ABSTRACTProfessional career women often find themselves caught in a dialectic ideological tension between fulfilling the demands of full-time motherhood and the expectations associated with their professional career. The stories of 10 middle-class, stay-at-home mothers from Singapore who had previously worked within commercial organisations are presented. Their narratives are collected through a series of phenomenological interviews and the use of a visual construction method. The findings unravel the complexities surrounding the women's enactment of culturally constructed good mothering, weaving a path between their conflicting sense of home-bound maternal duty and their aspiration for self-reliance.As stay-at-home mothers, the participants variously engage in entrepreneurial and self-development projects. Their families outsource an array of care responsibilities to business establishments outside the home, challenging the conventional notion of home, and in some cases, commercialising their intimate family life. The women, seeking to negotiate tensions between the home-based maternal duties and aspiration for independence, assimilate their occupational sense of self into motherhood to construct images of a competent and effective parent. The professionalisation of motherhood emerges as a way for the participants to reframe good mothering, blurring the rigid boundaries between paid work ideology and motherhood expectations.The findings highlight the women's interplay of diverse and interrelated sense of selves at the personal, relational, and collective level in the co-constitution of good motherhood. The identity interplay processes illuminate how the women's heterogeneous self-definitions coexist, compete, and cooperate in their everyday experiences of doing motherhood, which moves away from the traditional paradigm that conceives identity as an individuated entity, in relation to prevalent discourses within Singaporean society centring on a politically-driven struggle for gender equality. The thesis concludes by presenting its contributions and implications at the theoretical, managerial, and policy levels.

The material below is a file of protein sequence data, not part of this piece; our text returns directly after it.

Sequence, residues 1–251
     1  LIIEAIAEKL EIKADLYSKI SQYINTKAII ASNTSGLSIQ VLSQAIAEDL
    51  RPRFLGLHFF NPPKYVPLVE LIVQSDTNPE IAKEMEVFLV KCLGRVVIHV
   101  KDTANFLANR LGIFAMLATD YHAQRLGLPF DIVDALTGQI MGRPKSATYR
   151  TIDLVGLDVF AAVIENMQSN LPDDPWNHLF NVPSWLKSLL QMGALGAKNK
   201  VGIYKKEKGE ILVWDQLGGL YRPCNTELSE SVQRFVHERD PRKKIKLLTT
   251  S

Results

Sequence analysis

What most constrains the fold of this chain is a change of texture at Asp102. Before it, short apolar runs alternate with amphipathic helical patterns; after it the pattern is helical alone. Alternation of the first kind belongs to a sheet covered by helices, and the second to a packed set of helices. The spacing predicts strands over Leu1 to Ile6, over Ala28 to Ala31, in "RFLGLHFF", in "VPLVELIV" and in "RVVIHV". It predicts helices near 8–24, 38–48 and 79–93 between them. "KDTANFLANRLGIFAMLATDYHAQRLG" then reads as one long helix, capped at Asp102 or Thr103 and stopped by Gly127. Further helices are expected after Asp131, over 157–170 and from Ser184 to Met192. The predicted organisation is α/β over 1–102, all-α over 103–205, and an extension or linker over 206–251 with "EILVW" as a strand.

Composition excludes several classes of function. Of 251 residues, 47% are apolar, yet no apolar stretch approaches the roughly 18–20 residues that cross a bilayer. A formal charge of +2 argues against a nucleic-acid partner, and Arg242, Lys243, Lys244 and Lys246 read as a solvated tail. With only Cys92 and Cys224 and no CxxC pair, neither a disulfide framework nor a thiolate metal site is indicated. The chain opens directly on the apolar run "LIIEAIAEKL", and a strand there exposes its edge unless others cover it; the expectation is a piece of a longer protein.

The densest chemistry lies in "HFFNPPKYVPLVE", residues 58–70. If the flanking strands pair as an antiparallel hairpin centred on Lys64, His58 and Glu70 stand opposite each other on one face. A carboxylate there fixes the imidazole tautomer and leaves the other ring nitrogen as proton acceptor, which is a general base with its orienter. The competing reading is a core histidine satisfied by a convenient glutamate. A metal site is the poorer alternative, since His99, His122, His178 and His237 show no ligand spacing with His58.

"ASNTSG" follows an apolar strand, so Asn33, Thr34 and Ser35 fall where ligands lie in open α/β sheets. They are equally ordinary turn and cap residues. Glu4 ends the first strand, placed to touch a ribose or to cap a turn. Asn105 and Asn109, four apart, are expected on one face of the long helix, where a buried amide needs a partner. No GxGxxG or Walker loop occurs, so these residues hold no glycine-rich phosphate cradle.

|Date of Award||1 Aug 2017|
- The University of Manchester
|Supervisor||Emma Banister (Supervisor) & Kerrane (Supervisor)|
- Singapore consumer, customer network
- Co-construction of identity, Motherhood, Consumer identity construction